Sega discontinued the Dreamcast more than two decades ago, yet the console maintains a dedicated following to this day. It’d be easy to chalk this up to the curiosity of younger gamers and the nostalgia of older ones, however, doing so overlooks the true source of the Dreamcast’s enduring appeal: its amazing library of games.
Not only did Sega’s final foray into the hardware market boast a series of exceptional arcade ports, but it was also the go-to platform for innovative console exclusives at the turn of the millennium. By the end of the Dreamcast’s three-year run, it had delivered a string of classic games across virtually every genre, many of which still hold up well today.
With that in mind, here’s a round-up of the best Dreamcast games ever made. Whether you’re booting up your console for the umpteenth time or just downloaded a retro gaming emulator, each of these titles will leave you as happy as Sonic in a new pair of sneakers.
The Best Dreamcast Games
20. Crazy Taxi
The first of several terrific arcade ports on this list, Crazy Taxi is still the same mad adrenaline rush it was back in 2000. An open world racing game with a twist, it tasks players with ferrying passengers to their destinations as quickly – but not necessarily as safely – as possible.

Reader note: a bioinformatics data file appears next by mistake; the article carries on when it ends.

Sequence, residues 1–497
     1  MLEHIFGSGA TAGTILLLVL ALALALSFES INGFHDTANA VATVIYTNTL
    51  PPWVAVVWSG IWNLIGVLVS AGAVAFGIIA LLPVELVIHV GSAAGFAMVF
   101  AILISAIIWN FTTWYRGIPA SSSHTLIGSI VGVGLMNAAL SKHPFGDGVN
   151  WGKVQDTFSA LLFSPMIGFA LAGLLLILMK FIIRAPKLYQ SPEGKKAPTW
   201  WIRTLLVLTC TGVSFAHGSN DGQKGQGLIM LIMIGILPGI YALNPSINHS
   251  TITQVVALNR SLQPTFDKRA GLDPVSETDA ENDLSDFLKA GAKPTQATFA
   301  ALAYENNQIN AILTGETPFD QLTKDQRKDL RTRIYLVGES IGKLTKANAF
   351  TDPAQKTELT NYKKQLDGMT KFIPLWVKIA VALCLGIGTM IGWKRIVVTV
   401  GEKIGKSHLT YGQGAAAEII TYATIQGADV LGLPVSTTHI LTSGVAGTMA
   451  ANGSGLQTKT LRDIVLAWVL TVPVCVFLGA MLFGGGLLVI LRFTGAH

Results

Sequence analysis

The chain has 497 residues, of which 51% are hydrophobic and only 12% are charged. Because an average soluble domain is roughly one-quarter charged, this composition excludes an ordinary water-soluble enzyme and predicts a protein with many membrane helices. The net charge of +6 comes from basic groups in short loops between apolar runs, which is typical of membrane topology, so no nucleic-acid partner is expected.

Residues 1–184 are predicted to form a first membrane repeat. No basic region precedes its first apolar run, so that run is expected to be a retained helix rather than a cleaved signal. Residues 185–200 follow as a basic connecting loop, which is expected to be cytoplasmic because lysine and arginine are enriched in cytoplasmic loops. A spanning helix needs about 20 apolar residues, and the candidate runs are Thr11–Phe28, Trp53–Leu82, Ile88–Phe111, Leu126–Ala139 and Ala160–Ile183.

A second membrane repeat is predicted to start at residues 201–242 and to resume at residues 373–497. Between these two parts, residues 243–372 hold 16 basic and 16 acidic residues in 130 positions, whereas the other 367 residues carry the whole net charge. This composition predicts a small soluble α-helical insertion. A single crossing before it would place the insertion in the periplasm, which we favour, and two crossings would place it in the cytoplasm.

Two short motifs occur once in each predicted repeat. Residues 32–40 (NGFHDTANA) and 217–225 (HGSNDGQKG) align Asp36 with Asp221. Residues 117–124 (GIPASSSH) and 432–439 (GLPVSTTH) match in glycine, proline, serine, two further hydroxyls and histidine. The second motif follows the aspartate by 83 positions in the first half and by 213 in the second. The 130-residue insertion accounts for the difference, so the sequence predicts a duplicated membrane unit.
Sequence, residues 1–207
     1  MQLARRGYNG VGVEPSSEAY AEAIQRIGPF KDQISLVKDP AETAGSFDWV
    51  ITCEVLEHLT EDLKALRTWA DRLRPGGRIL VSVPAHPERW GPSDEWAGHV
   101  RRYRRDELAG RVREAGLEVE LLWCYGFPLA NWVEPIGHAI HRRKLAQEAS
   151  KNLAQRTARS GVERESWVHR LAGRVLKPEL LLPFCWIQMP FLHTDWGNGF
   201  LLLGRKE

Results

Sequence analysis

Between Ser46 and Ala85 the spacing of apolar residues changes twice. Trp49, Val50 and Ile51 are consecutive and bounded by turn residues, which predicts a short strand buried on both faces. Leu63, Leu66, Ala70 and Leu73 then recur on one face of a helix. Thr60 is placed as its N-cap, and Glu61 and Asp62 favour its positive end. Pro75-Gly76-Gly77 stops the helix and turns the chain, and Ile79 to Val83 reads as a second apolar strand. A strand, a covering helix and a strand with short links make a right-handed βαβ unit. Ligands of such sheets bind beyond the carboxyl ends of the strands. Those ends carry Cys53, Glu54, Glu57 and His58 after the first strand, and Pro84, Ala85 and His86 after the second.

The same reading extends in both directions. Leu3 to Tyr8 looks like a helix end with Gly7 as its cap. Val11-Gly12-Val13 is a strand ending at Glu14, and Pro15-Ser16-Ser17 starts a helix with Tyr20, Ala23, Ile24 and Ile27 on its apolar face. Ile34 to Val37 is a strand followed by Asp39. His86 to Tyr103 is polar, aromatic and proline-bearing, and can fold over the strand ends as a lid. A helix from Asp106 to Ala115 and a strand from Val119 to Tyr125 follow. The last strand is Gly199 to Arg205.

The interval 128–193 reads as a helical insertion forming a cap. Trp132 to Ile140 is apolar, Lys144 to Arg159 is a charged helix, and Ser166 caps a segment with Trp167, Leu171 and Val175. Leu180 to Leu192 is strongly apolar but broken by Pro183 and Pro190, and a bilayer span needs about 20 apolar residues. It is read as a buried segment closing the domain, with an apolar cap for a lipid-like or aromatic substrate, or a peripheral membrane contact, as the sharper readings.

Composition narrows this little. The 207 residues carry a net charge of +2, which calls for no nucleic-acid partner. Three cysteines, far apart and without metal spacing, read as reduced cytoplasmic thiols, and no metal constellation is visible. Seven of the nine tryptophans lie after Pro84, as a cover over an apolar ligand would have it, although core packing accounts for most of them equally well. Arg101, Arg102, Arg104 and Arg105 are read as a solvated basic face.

There are also stunts and minigames to keep you busy, and it all runs at a crisp 60 frames per second. Admittedly, Crazy Taxi can get a tad repetitive even with its many console-only extras, but then the game’s streamlined mechanics are also what makes it so addictive.
19. Typing of the Dead
Developer: WOW Entertainment / Smilebit (port)
Typing of the Dead typifies the off-the-wall creativity that made the Dreamcast so special. The game substitutes The House of the Dead 2’s light gun for the Dreamcast’s keyboard peripheral, which means players have to rely on the accuracy of their spelling and not the twitchiness of their trigger finger to survive.
So, yes: Typing of the Dead is basically typing tutor reskinned as a zombie-themed rail shooter. It’s a bonkers concept that shouldn’t work yet somehow does – thanks in large part to the game’s goofy sense of humor and novel spin on a well-worn genre.